Why is the Versa-Tech designed the way it is, such a departure from what we would normally see with the core standard recloser design?

When the Versa-Tech was first introduced into the marketplace in the summer of 2007, it was a very different type of product since it had an energized live tank device. At the time, this was really a departure from what was normally done with regards to the recloser design. This introduced a new school of thought to the industry, creating two schools of thought when it comes to recloser design-- one a dead tank and the other a live tank.

In the case of a dead tank recloser design, we have a high voltage switch cabinet, which typically is at the top of the pool. And that is tethered down into a control cabinet, which houses typically not only the brains of the device, but also the power to operate the device and any communications for remote access to the device. This cabinet, as well as the switch itself, must be grounded solidly. To satisfy the power requirements of the recloser control and operation, the control cabinet needs to have auxiliary power source such as a battery and external transformer. Thus, in such a scenario, we have a difference in potential between the switch and the control cabinet.

Unfortunately, there are times where a difference in potential, such as lightning storms, can become an issue. And it is not out of the ordinary for sensitive electronics, such as those found inside control cabinets for reclosers, capacitor banks, or load break switches, to be inoperable in those types of circumstances. This is simply because the electronics are in the path to ground, and they rely on transformer power and backup power to operate.

The departure from the norm with the Versa-Tech was to have the control function elevated to the same potential as the switch itself and rather than have a control cabinet that was tethered to ground at the base of the pole. This was achieved by incorporating the control inside the housing of the switch. So, now, both the switch and the control function are at the same potential as the system, which greatly reduces the effects of lightning. In other words, it increases the lightning immunity.

The dielectric failures also are reduced considerably because we have this bird on a wire concept in the case of the Versa-Tech. In addition to that, there is no external auxiliary power required because it is being power directly from the line current or fault current that is present at that given time. There is no need for a control cabinet to be placed at the base of the pole, much less being powered, as well.

The fact that there is less equipment to install makes the installation much quicker compared to conventional dead tank recloser. This also translates to system cost savings and reduction in time and even materials that need to be used for the installation.

Switching & Fusing

  1. Why is the Versa-Tech designed the way it is, such a departure from what we would normally see with the core standard recloser design?
  2. How much line current does the Versa-Tech need to operate?
  3. What are some of the differences between the Versa-Tech LT, Versa-Tech I, Versa-Tech II, and Versa-Tech XC?
  4. With regards to Versa-Tech's battery management, there have been various iterations of firmware that have been made available for different reasons and for different functions in the lifespan of the product lines. What are the different firmware versions of the Versa-Tech and which one should be used?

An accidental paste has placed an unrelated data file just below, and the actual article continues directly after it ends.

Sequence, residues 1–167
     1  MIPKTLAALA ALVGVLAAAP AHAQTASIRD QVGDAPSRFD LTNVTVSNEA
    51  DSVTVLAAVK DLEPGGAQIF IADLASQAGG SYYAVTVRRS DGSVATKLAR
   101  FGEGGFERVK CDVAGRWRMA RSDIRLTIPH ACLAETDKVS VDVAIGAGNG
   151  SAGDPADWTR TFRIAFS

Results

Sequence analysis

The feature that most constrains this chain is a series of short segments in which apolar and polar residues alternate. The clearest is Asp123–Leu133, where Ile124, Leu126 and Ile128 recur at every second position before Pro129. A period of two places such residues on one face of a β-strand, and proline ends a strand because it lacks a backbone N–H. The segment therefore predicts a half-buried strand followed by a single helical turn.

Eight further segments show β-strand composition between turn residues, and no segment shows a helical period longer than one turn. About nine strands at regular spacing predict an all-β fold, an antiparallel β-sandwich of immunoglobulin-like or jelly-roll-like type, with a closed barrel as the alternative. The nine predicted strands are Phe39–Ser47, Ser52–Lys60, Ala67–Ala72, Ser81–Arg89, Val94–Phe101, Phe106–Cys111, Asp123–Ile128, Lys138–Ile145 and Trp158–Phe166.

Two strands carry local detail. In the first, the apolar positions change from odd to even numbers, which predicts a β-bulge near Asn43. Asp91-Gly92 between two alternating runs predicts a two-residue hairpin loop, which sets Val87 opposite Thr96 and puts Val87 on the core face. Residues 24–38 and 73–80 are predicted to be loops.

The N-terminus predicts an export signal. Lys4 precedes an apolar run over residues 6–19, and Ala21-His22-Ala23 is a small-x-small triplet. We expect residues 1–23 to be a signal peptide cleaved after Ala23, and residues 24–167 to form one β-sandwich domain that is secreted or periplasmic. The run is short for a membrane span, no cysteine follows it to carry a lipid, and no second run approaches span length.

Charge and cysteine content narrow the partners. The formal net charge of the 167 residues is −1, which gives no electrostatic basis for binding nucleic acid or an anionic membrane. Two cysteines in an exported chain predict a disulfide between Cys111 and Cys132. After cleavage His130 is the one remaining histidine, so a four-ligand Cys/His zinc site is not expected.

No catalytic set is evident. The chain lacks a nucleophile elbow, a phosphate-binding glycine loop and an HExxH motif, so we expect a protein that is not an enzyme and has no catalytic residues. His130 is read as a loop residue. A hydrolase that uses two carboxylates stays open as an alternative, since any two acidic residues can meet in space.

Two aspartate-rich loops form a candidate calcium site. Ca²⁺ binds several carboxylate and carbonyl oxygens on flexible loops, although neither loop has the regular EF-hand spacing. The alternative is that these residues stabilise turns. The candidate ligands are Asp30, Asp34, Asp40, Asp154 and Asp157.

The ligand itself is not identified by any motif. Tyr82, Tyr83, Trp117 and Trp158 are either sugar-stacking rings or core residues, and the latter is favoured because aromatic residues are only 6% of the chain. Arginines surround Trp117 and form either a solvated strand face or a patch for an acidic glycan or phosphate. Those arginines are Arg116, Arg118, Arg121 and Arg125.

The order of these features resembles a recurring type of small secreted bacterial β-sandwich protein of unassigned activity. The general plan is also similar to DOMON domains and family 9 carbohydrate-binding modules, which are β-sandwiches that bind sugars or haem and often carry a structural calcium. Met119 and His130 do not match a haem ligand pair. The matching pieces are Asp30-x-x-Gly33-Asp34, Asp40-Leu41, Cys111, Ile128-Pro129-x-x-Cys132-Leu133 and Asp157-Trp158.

5. In today's environment, how secure are Versa-Tech's WiFi settings?
  6. Will there be any additional curves or user modifiers available for the Versa-Tech?
  7. How do I determine the voltage rating of a fuse link?
  8. How do I determine the interrupt rating of a fuse link?
  9. What test reports are available for fuse links?
  10. Which is better a fast or a slow fuse link?
  11. Can CHANCE® fuse links withstand 150% of their rating continuously?
  12. Can I use a 65 A rated fuse link in a 200 A rated fuse holder?
  13. What is the difference between the solid head and removable head fuse links?
  14. Will CHANCE® fuse links work in all cutouts with arc shortening rods?
  15. Can we replace our 100 A rated fuse holder with the 300 A solid blade?
  16. Can I use CHANCE® fuse holders in the S&C cutout mounting assemblies?
  17. What is the Mechanical Assist Spring?
  18. What is the recommended torque for the terminal when connecting copper leads to a cutout?
  19. Do CHANCE® cutouts have bone fiber as the arc quenching material?
  20. What is an arc shortening rod?
  21. Can I use a 27kV 150 kV BIL cutout on a 34.5 kV system?
  22. What is the difference between the Link Break and Load Break cutouts?
  23. Does CHANCE® make a Dual Vent cutout?
  24. Does CHANCE® make a Fuse Link specifically for Transformer Protection?
  25. Is additional creep or leakage distance on cutout designs only necessary near coastal areas?
  26. Can cutouts be used anywhere on an electric distribution system?
  27. What is the voltage rating of the Type QH and Type STH fuse links?
  28. What is the interrupt rating of the Type QH and Type STH fuse links?
  29. What test reports do you have for Type QH and Type STH fuse links?
  30. Are there special applications for the Type QH and Type STH fuse links?
  31. Are there any unique installation requirements for the Type QH and Type STH fuse links?
  32. Will the Type QH and Type STH fuse links be available in both the Solid Head and Removable Head versions?
  33. Will the Type QH and Type STH fuse links work with the cutouts that have the Mechanical Assist Spring option?
  34. Will the Type QH and Type STH fuse links work in all cutouts with arc shortening rods?
  35. Will the Type QH and Type STH fuse links be suitable for use in Link Break and Load Break cutouts?
  36. Can I use the CHANCE Type QH and Type STH fuse links in 200A fuse holders?

Feedback and Knowledge Base